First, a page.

Law school has long been thought of as an investment in human capital inherently worth consuming. This is a dated view. Today, entering the legal profession through law school requires an increasingly significant financial investment. Yet very little information about the value of a legal education is available for prospective law students. In fact, much of the information tends to mislead rather than inform aspiring lawyers.
This Article surveys the available information with respect to one important segment of the value analysis: post-graduation employment outcomes. It then proposes a new standard for the presentation of post-graduation outcomes, "The LST Proposal." Our hope is that this standard enables prospectives to take a detailed, holistic look at the diverse employment options from different law schools.
There continues to be an active debate on the question of whether or not law school is a good investment. I prefer to think of the question not in terms of “whether,” but in terms of “when.” In this essay, I conduct an analysis for three current undergraduates who are considering attending private law schools. I demonstrate how such individuals should take all known costs and all expected benefits into account in making their “investment” decision. As the calculation necessarily differs dramatically from one potential law student to another, my conclusions are far less important than my methodology.
Based on his belief that law school is no longer affordable for most students, Tamanaha offers several radical proposals, such as amending accreditation standards to permit a two-tier system, in which only a few expensive law schools would continue as research institutions offering three-year degrees, while most would offer law degrees after two years of classroom study and a year of some sort of lightly-supervised apprenticeship. He would also do away with the standard that requires schools to put most faculty members on tenure tracks and to support faculty research. This review essay questions the need for those far-reaching changes in legal education and concludes with the suggestion that Tamanaha focus his considerable critical skills on the problems not of law students, but of lower-income clients who are unable to obtain the legal services that they need.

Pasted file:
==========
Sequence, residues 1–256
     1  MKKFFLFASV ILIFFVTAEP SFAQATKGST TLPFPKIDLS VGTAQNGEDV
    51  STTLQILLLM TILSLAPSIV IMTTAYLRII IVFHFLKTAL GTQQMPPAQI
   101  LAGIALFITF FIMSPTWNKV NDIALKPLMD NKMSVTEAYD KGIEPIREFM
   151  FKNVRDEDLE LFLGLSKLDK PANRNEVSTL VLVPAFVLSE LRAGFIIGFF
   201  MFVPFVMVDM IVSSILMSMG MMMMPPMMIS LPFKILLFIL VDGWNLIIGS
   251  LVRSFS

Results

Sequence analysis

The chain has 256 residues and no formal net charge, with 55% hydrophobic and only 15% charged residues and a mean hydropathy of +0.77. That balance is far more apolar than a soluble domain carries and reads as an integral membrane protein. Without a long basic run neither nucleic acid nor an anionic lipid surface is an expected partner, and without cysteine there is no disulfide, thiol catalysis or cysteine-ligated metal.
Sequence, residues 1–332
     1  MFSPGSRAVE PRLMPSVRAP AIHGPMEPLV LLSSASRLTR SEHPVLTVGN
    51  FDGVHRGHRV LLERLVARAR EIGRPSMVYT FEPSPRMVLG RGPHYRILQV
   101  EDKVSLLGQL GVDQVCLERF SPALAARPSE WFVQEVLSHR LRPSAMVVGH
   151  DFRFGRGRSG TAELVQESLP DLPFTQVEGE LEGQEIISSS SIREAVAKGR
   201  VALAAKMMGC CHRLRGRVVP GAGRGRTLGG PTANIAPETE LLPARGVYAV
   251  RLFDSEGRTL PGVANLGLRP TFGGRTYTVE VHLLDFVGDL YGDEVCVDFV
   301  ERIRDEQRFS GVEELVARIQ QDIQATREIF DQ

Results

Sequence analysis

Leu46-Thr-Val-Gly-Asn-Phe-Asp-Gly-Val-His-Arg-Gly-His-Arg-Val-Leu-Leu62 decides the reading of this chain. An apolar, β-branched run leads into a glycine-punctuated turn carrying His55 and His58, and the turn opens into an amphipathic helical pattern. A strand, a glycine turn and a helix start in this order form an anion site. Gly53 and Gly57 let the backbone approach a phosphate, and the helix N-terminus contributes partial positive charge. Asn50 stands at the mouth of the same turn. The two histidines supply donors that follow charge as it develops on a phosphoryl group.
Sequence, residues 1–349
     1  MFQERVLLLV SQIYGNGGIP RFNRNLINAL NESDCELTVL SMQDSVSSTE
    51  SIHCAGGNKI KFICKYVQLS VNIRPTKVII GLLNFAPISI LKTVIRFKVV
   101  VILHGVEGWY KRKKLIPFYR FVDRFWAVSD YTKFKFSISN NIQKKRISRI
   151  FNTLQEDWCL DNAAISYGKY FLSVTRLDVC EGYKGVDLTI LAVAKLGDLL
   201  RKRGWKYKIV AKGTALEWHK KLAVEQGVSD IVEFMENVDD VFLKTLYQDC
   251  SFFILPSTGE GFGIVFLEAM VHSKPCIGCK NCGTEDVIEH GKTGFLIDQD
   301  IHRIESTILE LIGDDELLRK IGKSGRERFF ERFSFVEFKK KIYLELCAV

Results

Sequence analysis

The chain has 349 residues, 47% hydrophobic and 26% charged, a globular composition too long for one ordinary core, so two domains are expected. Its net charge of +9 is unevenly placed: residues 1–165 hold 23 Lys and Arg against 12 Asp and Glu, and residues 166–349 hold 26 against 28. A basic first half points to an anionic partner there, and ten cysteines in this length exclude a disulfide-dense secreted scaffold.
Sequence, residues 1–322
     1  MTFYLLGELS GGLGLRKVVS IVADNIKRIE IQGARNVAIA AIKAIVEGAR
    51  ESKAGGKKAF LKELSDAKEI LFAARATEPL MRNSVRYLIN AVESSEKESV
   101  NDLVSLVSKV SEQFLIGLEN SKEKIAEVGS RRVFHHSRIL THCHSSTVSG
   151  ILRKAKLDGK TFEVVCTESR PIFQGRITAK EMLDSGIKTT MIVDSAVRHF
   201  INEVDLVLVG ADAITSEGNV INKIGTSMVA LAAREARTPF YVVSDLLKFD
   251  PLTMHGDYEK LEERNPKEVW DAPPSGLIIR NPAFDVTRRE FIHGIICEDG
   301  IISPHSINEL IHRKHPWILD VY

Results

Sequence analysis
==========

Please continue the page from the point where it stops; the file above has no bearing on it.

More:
The economist Herbert Stein once remarked that if something cannot go on forever, it will stop. Over the past four decades, the cost of legal education in America has seemed to belie this aphorism: it has gone up relentlessly. Private law school tuition increased by a factor of four in real, inflation-adjusted terms between 1971 and 2011, while resident tuition at public law schools has nearly quadrupled in real terms over just the past two decades. Meanwhile, for more than thirty years, the
percentage of the American economy devoted to legal services has been shrinking. In 1978 the legal sector accounted for 2.01 percent of the nation’s GDP: by 2009 that figure had shrunk to 1.37 percent—a 32 percent decrease. These two trends are not mutually sustainable. If the cost of becoming a lawyer continues to rise while the economic advantage conferred by a law degree continues to fall, then eventually both the market for new lawyers and for admission to law school will crash...
This Article discusses the financial viability of law schools in the face of massive structural changes now occurring within the legal industry. It then offers a blueprint for change – a realistic way for law schools to retool themselves in an attempt to provide our students with high quality professional employment in a rapidly changing world. Because no institution can instantaneously reinvent itself, a key element of my proposal is the “12% solution.” Approximately 12% of faculty members take the lead on building a competency-based curriculum that is designed to accelerate the development of valuable skills and behaviors prized by both legal and nonlegal employers. For a variety of practical reasons, successful implementation of the blueprint requires law schools to band together in consortia. The goal of these initiatives needs to be the creation and implementation of a world-class professional education...